The twin GRAIL spacecraft are nearly out of fuel, and are being directed to a controlled impact near the north pole on the near side of the Moon on December 17. Ending the mission in this way has been planned all along; the news here is the time and location of the planned impact. Here's a preliminary map of the location, an unnamed mountain located at 75.62°N, 26.63°W. (The linked map says "east" but the inset map shows that the numbers are negative and a larger-scale map shows it west of center, so I'm pretty sure it's west, not east.) The end will come on December 17 at 22:28 or 22:29 UTC. Ebb will hit first, followed by Flow about 30 seconds later. Here's a video:
Ian O'Neill Tweeted his own take on this video: "GRAIL impact trajectory, with added drama (NOTE: In space, no one can hear a probe scream):
Some quick facts about the impact:
- They will target the site in a maneuver tomorrow morning.
- It won't be observable from Earth; it's happening in the dark and there'll be no fuel left in the tanks.
- The location was controlled primarily by their desire to collect science data for as long as possible (more on that below).
- Lunar Reconnaissance Orbiter will attempt observations of the impact with LAMP, as it did for the LCROSS mission.
- Lunar Reconnaissance Orbiter will do followup imaging of the impact zone to look for the craters. Scientists hope to learn about the mechanical properties of the mountain (which is part of a degraded crater rim) from the pattern of the ejecta.
- If they were hitting the ground vertically, they'd be expected to make a 3- or 4-meter-diameter crater.
- But they are coming in at an angle of about 1.5 degrees above horizontal, so will be hitting the ~20-degree slope at a fairly low angle. That will reduce the size of the resulting crater. But it's better than impacting a level surface; Zuber said that the spacecraft would just leave "skid marks" if they did that.
- The low-angle approach would have made it impossible for them to consider an attempt to impact a permanently shadowed deep crater near a pole, as LCROSS did; GRAIL's circular-orbit trajectory means they have to impact a topographic high.
I've already explained what GRAIL accomplished in its primary mission. GRAIL has returned much more data since the primary mission ended, from extended missions operated at much lower orbits: first, 22 kilometers, and since December 6, an astonishing 11 kilometers.
That last low-elevation phase involved orbits over the Orientale impact basin. Orientale is located on the left side of the Moon, just visible peeking over the edge from Earth. It's the youngest of the large impact basins, and the best-preserved, with beautiful concentric rings. Those rings are actually tall mountains; at times, Zuber said, GRAIL was skimming only 2 kilometers over the tops of those mountains.
GRAIL's data taken from such a low elevation will allow exquisitely detailed mapping of the underground structure of the basin. I can't wait to see that. But to maintain such a low altitude took three firings of the maneuvering rockets each week. The spacecraft are now running very low on fuel. They could have lasted a little bit longer if they hadn't flown to this low altitude, but they'd done what they could at higher altitude. Every time they halved the altitude, they quadrupled the precision of their data.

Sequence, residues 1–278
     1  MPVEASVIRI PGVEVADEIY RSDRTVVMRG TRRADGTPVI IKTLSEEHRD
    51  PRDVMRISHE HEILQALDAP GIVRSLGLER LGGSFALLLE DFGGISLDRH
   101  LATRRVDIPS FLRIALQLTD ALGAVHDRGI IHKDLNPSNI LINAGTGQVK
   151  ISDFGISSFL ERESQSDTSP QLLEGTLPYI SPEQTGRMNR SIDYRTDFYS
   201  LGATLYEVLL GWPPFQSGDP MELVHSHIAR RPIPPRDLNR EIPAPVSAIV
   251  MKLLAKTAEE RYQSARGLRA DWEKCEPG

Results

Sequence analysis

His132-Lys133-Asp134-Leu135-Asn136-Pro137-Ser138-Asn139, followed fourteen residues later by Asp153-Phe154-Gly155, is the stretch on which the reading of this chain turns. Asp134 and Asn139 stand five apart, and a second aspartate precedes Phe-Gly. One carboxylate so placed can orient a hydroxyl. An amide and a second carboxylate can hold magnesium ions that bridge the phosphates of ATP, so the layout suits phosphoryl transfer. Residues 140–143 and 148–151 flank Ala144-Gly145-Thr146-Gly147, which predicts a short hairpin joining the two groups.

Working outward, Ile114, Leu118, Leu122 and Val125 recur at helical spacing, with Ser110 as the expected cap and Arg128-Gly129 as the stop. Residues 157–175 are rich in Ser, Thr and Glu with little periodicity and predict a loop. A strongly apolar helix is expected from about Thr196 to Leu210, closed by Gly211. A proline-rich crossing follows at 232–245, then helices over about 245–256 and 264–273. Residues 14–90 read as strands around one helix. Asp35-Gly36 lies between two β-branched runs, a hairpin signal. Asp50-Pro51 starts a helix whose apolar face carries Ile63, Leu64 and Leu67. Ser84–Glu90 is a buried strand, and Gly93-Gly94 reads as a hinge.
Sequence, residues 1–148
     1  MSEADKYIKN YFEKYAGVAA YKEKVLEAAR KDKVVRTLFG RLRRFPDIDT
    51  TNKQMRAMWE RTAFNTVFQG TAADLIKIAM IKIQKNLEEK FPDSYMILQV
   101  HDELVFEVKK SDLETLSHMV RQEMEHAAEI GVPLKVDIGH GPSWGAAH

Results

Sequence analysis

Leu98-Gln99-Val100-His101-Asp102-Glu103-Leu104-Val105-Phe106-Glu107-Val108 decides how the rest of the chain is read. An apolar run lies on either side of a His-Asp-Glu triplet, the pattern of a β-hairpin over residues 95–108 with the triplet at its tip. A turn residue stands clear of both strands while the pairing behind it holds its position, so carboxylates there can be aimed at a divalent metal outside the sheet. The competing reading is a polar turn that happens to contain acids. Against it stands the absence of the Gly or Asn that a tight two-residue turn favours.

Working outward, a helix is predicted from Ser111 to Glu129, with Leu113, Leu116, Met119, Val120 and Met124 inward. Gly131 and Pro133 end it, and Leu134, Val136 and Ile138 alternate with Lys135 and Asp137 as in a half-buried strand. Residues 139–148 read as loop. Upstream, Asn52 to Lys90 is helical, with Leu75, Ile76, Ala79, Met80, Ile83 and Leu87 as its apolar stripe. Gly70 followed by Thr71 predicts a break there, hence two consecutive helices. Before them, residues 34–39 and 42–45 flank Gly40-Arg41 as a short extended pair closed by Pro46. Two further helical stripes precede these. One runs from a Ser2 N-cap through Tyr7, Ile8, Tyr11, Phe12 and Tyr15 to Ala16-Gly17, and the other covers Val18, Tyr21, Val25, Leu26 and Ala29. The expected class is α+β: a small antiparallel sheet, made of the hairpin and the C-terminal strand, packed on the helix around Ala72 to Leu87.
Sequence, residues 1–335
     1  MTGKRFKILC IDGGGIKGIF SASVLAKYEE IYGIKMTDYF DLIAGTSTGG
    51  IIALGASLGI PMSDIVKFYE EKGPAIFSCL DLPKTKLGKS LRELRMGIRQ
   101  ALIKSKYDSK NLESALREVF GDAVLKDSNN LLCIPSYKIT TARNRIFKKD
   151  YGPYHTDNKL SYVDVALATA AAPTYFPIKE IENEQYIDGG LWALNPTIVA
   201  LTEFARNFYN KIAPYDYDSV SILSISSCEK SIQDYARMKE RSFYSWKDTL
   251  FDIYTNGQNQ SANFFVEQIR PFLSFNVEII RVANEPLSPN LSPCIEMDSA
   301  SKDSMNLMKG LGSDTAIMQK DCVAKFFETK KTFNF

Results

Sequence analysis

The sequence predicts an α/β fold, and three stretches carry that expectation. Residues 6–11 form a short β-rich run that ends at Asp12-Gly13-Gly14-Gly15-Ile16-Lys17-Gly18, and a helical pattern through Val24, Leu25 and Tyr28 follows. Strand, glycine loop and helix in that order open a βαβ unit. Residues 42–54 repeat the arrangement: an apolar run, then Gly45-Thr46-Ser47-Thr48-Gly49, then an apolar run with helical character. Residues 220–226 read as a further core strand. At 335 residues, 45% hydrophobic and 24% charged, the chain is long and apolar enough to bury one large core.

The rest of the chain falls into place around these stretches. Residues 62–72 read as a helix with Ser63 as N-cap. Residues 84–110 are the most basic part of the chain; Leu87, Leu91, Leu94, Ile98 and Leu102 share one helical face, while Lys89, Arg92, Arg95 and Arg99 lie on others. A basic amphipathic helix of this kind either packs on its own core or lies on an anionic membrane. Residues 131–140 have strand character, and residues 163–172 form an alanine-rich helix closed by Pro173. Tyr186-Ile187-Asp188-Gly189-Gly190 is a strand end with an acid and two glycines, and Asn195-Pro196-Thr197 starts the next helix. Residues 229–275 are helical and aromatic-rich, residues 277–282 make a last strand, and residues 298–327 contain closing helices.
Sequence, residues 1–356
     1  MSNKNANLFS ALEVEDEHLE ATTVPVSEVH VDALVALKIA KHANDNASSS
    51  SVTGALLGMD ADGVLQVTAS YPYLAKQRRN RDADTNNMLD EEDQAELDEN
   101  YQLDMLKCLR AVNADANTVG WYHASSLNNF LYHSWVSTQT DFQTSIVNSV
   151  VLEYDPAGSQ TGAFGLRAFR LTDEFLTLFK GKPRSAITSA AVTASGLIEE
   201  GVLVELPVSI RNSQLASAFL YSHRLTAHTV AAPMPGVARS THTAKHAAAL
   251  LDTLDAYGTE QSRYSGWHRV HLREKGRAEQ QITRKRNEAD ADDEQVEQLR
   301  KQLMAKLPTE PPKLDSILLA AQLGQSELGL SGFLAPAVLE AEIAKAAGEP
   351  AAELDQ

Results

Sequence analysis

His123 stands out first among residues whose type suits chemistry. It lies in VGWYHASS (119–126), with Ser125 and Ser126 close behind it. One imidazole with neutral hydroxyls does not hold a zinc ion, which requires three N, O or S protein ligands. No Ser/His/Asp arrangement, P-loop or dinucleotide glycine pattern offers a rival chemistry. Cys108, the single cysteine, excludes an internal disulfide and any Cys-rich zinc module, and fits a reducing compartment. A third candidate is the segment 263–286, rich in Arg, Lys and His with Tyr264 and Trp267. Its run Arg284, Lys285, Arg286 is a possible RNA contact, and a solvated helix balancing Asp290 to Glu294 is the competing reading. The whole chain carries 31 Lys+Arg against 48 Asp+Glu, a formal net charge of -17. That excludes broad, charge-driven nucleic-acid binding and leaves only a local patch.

One of the coolest things they showed at today's press briefing was a video taken from GRAIL's tiny MoonKAMs showing Lunar Reconnaissance Orbiter flying over the Moon. It's just a moving dot but still is inexpressibly cool.
Before the mission ends, they'll do a few things that don't have anything to do with their science mission but which have immense value for future mission planning. For example, GRAIL's programmers had developed lots of software designed to handle problems that never arose; they will test some of that software in flight. Also, they'll do a burn-to-depletion maneuver, something I explained at the end of the Stardust mission last year (see here and here). At the press briefing, project manager David Lehman said that it would take between 0 and 9 minutes to burn through the remaining fuel.
Deliberately killing a functioning spacecraft is sad, but in this situation (as with many other orbital missions) it is the responsible thing to do. It's better not to have derelict spacecraft orbiting as space junk that could cause future navigation problems. When an impact is inevitable and there is anything of historical or scientific interest that is threatened by the impact, it's responsible to target an area well away from such sensitive spots. Just as Galileo was deliberately crashed into Jupiter to avoid the possibility of an uncontrolled impact on Europa, they're making sure to dispose of GRAIL far away from the relics of previous human and robotic Moon landings.
The gravity maps that GRAIL produced will improve the precision of future lunar landings, making them less risky and less expensive. GRAIL itself did well with its budget; the mission will actually return 8 or 9 million dollars to NASA when all's said and done. Since when does that happen?
Given how well this mission has worked, I do wonder what it would cost to make copies and fly them elsewhere. The biggest hurdle for that as far as I can see is the fact that GRAIL didn't need a big radio transmitter because the spacecraft were so close to Earth. But it could still work from Mars. The data volume, about 640 MB through the prime mission, wouldn't be a problem if relayed through Mars Reconnaissance Orbiter. Anybody wanna propose a mission?